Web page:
ANDERSON — Elliot Hughes was slow to speak at first, acknowledging that he wasn’t expecting to see around 100 people at first International Overdose Awareness Day event in Anderson.
Hughes, who is in recovery from heroin addiction, told his story to the crowd. He spoke of how he has sought treatment 14 times and how he isn’t sure how many times he has been revived by naloxone while overdosing, because he has lost count.
His best friend died from an overdose almost two years ago. Hughes said he couldn’t have imagined being the director of the Indiana chapter of Steered Straight Inc., when he went into recovery 10 months ago.
“We all have to fight for those we have lost,” Hughes said in a call to action to addicts and community members alike. “We have to fight for those who are struggling. We have to fight for each other.”
Hughes was one of three speakers at Anderson’s International Overdose Awareness Day event that was put on by Jessie Slaven, recovery coach at Aspire Indiana. The hall at the Anderson Firefighters Local 1262 was packed.
The program ended with all of the attendees going outside to watch those who have had loved ones die of overdose release a balloon for each victim.
Prior to the balloon release, Slaven asked those who are in recovery to stand to be recognized if they felt comfortable enough to do so. Dozens of people stood without hesitation.
The purpose of the event was to educate people about overdoses as a whole. Slaven shared factors that increase the risk of overdose and what people can do to help someone they think might be having an overdose.
Much of the conversation revolved around opioids, which are currently the most prevalent as far as lives lost in the community. Opioids include heroin and prescription painkillers, such as codeine, fentanyl and hydrocodone.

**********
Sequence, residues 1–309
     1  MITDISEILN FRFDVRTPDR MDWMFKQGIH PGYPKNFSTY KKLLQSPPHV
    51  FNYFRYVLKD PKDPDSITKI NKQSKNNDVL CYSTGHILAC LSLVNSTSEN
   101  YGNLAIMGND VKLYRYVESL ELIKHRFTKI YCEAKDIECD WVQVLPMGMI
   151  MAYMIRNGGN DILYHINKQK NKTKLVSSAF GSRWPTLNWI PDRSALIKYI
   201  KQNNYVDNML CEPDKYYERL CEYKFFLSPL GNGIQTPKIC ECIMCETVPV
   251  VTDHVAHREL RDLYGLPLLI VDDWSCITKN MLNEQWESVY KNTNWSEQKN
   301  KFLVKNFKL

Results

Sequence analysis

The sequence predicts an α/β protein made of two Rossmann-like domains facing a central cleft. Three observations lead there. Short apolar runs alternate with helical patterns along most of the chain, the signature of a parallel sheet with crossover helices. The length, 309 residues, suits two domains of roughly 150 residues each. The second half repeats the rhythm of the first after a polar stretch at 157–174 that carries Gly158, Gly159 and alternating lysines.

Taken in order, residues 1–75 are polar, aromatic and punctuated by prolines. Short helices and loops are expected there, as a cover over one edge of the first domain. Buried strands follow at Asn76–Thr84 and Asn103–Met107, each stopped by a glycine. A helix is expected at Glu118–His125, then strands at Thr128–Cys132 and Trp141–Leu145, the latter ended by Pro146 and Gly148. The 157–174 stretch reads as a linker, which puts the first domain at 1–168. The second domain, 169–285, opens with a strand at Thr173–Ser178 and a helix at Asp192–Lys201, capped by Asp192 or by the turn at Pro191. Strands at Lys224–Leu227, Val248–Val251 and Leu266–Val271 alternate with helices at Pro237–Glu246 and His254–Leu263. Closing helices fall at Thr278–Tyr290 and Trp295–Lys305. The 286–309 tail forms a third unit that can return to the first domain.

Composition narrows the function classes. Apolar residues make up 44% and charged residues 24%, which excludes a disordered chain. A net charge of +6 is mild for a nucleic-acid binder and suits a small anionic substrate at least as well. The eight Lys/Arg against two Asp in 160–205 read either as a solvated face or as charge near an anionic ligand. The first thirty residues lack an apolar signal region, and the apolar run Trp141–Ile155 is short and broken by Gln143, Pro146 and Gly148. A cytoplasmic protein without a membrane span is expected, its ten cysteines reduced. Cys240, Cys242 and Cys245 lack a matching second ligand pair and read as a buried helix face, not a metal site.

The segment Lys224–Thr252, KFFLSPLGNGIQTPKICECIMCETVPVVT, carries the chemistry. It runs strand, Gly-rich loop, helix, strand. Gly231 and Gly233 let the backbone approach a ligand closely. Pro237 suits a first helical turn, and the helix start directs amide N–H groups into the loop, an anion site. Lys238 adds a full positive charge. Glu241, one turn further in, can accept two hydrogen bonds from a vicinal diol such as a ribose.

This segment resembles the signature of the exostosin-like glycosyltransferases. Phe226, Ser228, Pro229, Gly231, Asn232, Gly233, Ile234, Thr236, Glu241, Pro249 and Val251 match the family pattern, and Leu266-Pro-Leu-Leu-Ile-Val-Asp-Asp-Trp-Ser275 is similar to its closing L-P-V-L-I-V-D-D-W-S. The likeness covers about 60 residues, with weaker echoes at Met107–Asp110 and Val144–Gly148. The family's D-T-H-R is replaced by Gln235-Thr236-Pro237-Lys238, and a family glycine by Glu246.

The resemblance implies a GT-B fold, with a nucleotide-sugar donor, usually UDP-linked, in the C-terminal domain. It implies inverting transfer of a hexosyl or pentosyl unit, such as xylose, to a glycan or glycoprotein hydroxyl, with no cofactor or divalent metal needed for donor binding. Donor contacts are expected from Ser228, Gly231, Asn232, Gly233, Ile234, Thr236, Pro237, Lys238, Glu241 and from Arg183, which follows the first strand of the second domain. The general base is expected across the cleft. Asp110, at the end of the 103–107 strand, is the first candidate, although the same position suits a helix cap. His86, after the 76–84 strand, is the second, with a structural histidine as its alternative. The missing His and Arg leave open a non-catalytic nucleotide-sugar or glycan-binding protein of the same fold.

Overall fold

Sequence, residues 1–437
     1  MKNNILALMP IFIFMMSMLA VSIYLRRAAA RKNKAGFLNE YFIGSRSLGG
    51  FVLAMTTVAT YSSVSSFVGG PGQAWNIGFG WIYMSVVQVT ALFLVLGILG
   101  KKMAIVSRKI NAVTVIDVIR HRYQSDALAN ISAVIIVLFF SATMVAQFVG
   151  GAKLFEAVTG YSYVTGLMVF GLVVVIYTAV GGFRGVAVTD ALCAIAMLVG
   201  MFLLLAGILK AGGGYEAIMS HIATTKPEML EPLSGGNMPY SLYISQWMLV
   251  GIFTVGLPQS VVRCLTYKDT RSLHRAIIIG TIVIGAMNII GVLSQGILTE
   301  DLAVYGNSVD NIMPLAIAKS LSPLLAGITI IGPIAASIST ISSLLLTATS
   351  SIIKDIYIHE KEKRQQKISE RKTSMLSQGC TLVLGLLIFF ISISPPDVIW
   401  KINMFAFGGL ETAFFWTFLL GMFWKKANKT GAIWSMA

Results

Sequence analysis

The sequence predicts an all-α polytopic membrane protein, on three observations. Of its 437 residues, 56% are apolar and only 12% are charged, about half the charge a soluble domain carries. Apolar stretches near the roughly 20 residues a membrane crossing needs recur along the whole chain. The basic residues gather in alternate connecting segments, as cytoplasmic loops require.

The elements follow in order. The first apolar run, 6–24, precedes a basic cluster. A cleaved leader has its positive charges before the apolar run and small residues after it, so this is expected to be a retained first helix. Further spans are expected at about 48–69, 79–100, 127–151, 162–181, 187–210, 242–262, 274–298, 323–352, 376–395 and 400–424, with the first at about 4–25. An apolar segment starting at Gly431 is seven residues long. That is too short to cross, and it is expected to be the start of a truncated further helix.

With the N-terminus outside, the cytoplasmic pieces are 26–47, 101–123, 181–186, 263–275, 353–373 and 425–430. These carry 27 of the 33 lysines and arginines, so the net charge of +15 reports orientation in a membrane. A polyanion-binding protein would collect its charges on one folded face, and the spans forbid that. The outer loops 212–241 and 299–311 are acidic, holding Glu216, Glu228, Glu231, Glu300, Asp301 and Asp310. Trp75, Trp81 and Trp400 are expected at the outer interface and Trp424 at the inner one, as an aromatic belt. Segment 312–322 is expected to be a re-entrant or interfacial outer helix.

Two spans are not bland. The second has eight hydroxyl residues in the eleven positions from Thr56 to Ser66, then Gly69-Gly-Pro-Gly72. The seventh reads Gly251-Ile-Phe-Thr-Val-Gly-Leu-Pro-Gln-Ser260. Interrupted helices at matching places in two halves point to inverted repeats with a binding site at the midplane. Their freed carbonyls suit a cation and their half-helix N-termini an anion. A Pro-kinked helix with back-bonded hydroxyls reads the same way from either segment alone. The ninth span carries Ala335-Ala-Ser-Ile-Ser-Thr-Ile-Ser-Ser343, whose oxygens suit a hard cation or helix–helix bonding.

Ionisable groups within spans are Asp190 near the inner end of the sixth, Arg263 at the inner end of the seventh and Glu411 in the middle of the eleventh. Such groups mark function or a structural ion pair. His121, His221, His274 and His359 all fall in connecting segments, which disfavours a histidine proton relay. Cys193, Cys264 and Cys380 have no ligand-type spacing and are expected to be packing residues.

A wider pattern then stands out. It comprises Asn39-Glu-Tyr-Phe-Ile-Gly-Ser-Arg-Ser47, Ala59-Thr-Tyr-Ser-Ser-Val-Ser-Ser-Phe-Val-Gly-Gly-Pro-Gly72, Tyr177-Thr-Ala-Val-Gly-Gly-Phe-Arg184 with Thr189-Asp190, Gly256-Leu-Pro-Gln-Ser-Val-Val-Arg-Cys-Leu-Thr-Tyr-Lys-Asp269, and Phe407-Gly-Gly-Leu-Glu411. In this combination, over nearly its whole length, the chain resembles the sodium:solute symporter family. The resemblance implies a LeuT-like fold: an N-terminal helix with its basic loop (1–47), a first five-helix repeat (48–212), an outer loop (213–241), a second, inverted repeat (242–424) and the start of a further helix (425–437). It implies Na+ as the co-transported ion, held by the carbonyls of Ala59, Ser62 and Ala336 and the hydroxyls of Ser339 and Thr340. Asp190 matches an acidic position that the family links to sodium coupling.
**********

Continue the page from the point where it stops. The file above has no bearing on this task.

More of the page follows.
Many opioid drug users mix heroin with other medications, or sometimes the drugs are bought that way without the user even knowing. Mixing opioids is a common way that people end up overdosing, Slaven said, as well as mixing opioids and alcohol.
The risk of overdose also increases when someone in recovery relapses, because the user might think they need the same dose they had when they were using regularly, Slaven said. That’s not the case because breaks in using cause the user’s tolerance against the drug to drop.
Slaven also told people about how to obtain naloxone, known by the brand name Narcan, which is an opiate overdose reversal drug. Naloxone is sold over the counter at CVS Pharmacy for $109 and at Walgreens for $136, Slaven said.
She suggested that people who buy naloxone should read the instructions upon buying it since it needs to be administered quickly when it is needed. However, she explained how the drug is typically administered, which is through a nasal atomizer.
Once the education portion of the event was over, speakers who have experienced hardship from addiction spoke.
Mary Randol spoke about her son, Dustin, who died of an overdose about a year and a half ago at the age of 27. She said she knew he was using pills, but she had no idea he was using heroin.
Randol said she kicked her son out of her home about five months before he died because he had been stealing from the family to buy drugs.
“I thought (addicts) had a choice,” she said, speaking through tears. “I thought they had control.”
She said she has since learned that addiction is a disease. She said she went to a Heroin Anonymous meeting and hasn’t stopped going because it helps her understand addiction so much more.
When Hughes spoke, he also said addiction is a disease, but added that it doesn’t matter if people believe that or not. It only matters that they help and still see addicts as the humans they are. With that, he gave a message: “We will continue to keep losing people if we keep pointing the finger and saying ‘junkie,’ ‘scumbag,’ whatever, because that’s not who I am and that’s not what people in recovery are. It doesn’t define who you are.”
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